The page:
[Esip-preserve] Data Citations in the Age of Electronic Publication

Curt Tilmes Curt.Tilmes at nasa.gov
Wed Sep 5 08:00:45 EDT 2012

The the PDF, in addition to the page number I would include
the section reference "Book IV, Chapter II"  Still a pretty
blunt tool, but it will survive printings with different

For the satellite example, I think you've got to consider
both humans and machines trying to figure out certain
information.  The reference could follow a similar scheme,
with Volume, Book, Chapter, Section, Part, etc. serving
to narrow down a text reference, we can use things like
Granule, File, SDS (for HDF and friends), channel, tile
number, scan number, etc. For XML files, XPath provides
a very nice, very precise way of navigating the structured
data file to the fields of interest.


On 9/2/12 9:08 AM, Bruce Barkstrom wrote:
> For "recreational reading", I decided to peruse Adam Smith's
> "The Wealth of Nations" to see if I could find some context
> on his use of the famous term "invisible hand".  I thought this
> referencing would be trivial and so I dug out my edition of the
> printed book from Barnes and Noble.  Getting this copy was a
> mistake - there's no index
> I wanted to make some notes for comparison with works by other
> authors.  With print works, I would usually reference a page number.
> Not having an index is thus a serious impediment
> to referencing the term in the original text.  I then tried the Internet
> and found a free, downloadable version of the text as a pdf file.
> Luckily, this version of the book's text included page numbers,
> although I don't think there's a reference to which print edition
> the copy came from.  The electronic copy is in pdf, so
> I could use full text search.  Then, I could compare page numbers
> in the Barnes and Noble edition with the ones in the on-line pdf.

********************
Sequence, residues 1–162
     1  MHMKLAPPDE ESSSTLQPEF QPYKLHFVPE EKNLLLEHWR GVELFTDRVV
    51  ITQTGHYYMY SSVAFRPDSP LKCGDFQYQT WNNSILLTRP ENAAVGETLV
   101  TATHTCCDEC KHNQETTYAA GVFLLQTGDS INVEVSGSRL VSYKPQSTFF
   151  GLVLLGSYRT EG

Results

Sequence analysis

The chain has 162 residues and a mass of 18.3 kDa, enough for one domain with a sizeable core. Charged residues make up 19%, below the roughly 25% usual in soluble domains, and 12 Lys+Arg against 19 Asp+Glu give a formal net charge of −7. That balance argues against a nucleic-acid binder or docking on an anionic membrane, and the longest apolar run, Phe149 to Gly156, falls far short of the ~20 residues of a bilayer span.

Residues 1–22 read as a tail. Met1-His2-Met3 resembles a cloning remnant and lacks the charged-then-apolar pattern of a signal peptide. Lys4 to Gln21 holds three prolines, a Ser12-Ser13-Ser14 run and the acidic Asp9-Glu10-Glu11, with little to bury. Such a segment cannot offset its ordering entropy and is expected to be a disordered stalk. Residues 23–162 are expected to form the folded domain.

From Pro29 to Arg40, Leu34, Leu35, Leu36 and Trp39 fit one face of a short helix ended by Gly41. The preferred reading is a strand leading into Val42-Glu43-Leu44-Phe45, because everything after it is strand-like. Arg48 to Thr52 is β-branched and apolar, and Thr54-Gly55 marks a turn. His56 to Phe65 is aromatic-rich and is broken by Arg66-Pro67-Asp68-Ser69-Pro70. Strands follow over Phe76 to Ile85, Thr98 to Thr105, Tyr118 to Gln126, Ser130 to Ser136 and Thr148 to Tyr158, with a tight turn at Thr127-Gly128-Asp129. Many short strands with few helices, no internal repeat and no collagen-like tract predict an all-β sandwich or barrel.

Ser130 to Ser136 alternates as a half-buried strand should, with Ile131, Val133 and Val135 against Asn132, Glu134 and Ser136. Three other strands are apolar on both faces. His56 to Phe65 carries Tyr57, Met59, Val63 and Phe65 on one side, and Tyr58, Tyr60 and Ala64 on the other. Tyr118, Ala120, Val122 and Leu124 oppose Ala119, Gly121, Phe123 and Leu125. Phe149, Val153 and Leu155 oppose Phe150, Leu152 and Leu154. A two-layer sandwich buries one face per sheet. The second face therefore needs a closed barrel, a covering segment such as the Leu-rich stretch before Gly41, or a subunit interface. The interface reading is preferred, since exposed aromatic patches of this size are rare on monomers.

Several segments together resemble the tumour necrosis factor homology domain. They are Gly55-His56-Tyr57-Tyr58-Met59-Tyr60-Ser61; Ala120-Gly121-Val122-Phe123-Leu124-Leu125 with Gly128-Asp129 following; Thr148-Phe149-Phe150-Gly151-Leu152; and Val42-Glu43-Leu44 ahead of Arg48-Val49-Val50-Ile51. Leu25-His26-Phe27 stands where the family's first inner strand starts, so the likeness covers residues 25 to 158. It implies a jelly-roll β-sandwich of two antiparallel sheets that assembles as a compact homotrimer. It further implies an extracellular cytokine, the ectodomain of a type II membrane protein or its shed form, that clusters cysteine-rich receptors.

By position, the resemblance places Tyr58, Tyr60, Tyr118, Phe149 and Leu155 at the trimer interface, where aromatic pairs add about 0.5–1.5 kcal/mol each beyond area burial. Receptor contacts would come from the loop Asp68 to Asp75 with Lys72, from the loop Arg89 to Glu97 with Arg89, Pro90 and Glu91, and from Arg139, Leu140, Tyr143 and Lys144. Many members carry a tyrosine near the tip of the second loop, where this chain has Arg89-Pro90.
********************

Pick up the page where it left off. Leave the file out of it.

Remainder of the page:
> The term "invisible hand" appears in the B&N edition on p. 300,
> while the electronic file has it on p. 364.  The term is apparently
> used just once.  As a mild added frustration, the pdf file doesn't
> have an index either.  Could just be that Smith's original work
> doesn't have an index, since it was published in 1776 and as
> far as I can recall, adding an index to a book was not standard
> until much later in the history of publishing.
> If I extend the issue of specific references to material in Earth
> science data, it creates some interesting scenarios.  Our usual
> discussion of citations seems to treat these references as a pretty
> "blunt" tool.  If I recall correctly, annotation schemes in the
> humanities have a great many details for making the cited
> material precise.  I'm not sure our discussion of citations have
> the same level of precision.
> If all we care about is giving credit to the "authors" or "editors",
> the approach we've taken so far is probably adequate.  I think
> it would let other researchers provide entries for bibliographies
> or lists of references in published papers.  These would add to
> professional credit for younger members of the academic
> communities.
> However, there are other cases where we need much more careful
> references.  As a concrete example, consider trying to develop the
> appropriate citation of the calibration gain used to derive the